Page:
Smallpox

  • Medical Author:
    Charles Patrick Davis, MD, PhD

    Dr. Charles "Pat" Davis, MD, PhD, is a board certified Emergency Medicine doctor who currently practices as a consultant and staff member for hospitals. He has a PhD in Microbiology (UT at Austin), and the MD (Univ. Texas Medical Branch, Galveston). He is a Clinical Professor (retired) in the Division of Emergency Medicine, UT Health Science Center at San Antonio, and has been the Chief of Emergency Medicine at UT Medical Branch and at UTHSCSA with over 250 publications.

  • Medical Editor: Melissa Conrad Stöppler, MD
    Melissa Conrad Stöppler, MD

    Melissa Conrad Stöppler, MD

    Melissa Conrad Stöppler, MD, is a U.S. board-certified Anatomic Pathologist with subspecialty training in the fields of Experimental and Molecular Pathology. Dr. Stöppler's educational background includes a BA with Highest Distinction from the University of Virginia and an MD from the University of North Carolina. She completed residency training in Anatomic Pathology at Georgetown University followed by subspecialty fellowship training in molecular diagnostics and experimental pathology.

Bacterial Infections 101 Pictures Slideshow

What are smallpox symptoms and signs?

Fever is the most common initial symptom and can be quite high. This is accompanied by body aches, chills, and headache. Often, the patient is too unwell to get out of bed (malaise). Within 24-48 hours, a rash begins to appear everywhere on the body but especially on the legs, arms, mouth, and face. Pharyngitis (sore throat), abdominal pain, back pain, and occasionally vomiting may also develop. The eyes may also be affected, leading to potential blindness among survivors. Symptoms in children are similar to those in adults. The rash also appears on the palms and soles and goes through stages as the disease progresses. At the beginning, the rash consists of red dots that become raised. The lesions (see Figure 1) rapidly fill with fluid and may turn yellow, resembling pus. Rarely, the rash may start to fill with blood (hemorrhagic smallpox), which is a poor prognostic sign. After one to two weeks, the lesions scab over and eventually fall off, leaving deep scars. One of the defining features of smallpox is that all the lesions on the body are always at the same stage of development. This is in contrast to chickenpox where new lesions form while old ones are healing.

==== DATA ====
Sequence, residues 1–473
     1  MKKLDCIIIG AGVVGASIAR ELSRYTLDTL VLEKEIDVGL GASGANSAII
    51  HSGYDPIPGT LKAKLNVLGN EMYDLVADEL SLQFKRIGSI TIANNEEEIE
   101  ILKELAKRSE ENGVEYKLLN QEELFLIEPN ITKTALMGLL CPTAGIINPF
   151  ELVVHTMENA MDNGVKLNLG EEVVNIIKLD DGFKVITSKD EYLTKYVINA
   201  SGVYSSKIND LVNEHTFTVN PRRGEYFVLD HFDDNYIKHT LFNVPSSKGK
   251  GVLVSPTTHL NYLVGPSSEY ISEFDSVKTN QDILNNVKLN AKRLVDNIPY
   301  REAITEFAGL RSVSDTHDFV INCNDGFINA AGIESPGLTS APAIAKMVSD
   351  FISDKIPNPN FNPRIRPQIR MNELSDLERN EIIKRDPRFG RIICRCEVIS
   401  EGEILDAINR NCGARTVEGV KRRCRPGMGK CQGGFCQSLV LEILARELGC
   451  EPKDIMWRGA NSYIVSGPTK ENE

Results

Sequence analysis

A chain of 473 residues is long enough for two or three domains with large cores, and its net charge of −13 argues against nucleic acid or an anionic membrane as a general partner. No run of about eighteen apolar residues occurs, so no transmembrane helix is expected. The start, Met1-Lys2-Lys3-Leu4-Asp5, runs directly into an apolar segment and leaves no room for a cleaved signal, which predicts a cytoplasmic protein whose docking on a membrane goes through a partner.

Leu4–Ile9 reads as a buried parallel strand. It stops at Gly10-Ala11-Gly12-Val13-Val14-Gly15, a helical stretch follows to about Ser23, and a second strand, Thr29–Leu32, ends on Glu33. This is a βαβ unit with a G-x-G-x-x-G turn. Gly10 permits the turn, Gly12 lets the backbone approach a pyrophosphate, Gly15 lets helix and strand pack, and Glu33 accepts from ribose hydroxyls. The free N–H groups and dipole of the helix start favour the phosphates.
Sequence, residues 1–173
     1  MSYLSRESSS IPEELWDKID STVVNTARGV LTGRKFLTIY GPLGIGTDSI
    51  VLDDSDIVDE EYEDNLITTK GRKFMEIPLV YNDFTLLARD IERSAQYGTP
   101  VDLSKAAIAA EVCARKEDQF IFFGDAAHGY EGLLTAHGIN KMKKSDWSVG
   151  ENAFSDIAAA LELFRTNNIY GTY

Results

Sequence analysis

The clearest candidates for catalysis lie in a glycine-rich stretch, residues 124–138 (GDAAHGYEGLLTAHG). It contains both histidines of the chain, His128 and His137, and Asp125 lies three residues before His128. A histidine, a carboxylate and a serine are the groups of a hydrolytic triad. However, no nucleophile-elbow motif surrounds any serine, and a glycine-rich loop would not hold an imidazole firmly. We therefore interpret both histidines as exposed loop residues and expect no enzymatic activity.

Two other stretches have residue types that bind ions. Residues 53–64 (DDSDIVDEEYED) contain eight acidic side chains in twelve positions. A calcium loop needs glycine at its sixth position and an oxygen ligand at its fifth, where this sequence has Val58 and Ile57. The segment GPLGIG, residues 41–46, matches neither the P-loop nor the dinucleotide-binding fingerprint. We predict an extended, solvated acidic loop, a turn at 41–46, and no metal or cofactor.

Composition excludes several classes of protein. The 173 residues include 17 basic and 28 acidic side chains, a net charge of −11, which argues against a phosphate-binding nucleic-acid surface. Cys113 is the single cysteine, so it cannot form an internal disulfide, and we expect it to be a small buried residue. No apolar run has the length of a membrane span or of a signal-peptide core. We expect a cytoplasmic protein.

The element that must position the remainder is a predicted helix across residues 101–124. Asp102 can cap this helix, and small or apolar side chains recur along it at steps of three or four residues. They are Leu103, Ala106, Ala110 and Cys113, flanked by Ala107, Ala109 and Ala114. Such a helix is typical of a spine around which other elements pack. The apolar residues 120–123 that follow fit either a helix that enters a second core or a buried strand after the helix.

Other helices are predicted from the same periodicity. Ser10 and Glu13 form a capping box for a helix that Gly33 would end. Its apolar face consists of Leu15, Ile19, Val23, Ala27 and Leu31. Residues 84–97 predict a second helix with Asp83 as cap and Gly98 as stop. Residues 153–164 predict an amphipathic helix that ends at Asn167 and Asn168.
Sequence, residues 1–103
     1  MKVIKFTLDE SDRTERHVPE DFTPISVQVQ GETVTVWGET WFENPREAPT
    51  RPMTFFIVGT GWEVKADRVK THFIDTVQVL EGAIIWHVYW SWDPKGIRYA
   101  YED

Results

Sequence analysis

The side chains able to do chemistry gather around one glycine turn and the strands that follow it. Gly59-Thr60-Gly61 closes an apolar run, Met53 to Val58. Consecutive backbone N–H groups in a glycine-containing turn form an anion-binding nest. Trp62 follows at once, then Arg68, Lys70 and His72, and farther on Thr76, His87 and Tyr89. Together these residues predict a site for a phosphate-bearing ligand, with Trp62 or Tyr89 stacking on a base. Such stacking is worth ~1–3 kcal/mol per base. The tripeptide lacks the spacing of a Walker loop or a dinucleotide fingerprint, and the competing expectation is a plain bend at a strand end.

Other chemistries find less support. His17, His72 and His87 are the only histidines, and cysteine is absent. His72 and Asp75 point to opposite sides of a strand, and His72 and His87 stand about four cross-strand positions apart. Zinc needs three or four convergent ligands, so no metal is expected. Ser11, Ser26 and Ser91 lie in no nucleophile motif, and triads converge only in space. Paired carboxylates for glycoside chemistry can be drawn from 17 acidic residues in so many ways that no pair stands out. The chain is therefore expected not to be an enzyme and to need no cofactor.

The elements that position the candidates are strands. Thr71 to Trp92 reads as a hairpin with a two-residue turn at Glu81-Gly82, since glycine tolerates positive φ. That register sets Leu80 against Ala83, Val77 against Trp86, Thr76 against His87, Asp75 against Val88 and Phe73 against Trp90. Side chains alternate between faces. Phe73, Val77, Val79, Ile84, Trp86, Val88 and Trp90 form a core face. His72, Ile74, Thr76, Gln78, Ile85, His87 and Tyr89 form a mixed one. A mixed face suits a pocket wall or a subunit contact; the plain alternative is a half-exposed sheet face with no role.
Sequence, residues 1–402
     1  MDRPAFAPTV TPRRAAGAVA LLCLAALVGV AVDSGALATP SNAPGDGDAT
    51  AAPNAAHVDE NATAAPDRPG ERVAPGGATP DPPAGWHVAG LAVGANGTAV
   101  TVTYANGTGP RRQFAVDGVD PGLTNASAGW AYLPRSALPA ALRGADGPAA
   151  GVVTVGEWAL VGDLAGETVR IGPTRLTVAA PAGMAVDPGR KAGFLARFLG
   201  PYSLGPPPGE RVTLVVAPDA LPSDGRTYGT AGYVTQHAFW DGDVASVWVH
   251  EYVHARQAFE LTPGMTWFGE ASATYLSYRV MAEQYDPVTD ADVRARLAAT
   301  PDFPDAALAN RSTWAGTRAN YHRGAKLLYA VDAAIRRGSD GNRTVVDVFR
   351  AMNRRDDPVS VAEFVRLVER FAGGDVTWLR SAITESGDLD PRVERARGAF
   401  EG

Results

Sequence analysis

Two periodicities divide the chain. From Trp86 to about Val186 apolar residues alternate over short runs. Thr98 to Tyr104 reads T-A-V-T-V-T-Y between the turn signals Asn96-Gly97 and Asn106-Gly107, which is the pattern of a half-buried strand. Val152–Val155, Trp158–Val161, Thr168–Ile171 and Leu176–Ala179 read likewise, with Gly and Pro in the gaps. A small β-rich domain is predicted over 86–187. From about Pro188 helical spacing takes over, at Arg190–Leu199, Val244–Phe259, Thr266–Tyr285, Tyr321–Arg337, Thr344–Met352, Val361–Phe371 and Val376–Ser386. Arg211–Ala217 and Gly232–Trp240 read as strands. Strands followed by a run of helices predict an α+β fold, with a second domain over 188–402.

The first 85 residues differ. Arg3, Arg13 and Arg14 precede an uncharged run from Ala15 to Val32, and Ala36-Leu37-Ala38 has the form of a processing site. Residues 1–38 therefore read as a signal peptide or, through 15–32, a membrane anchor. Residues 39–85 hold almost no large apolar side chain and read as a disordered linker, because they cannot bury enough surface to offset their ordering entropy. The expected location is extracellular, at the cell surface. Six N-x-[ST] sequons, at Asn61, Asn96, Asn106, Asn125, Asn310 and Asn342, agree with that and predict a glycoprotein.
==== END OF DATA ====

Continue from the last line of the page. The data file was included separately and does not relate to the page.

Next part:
Picture of smallpox in a young child.
Figure 1: Picture of smallpox in a young child. SOURCE: Dr. Michael Schwartz/CDC

Approximately one-third of people with smallpox died from the infection. People who had an extensive rash were at higher risk of death. People who had only a few lesions or a milder rash had a lower risk of death. Infections caused by the variola minor strain were less severe and death occurred in only approximately 1% of cases.

Medically Reviewed by a Doctor on 8/25/2016

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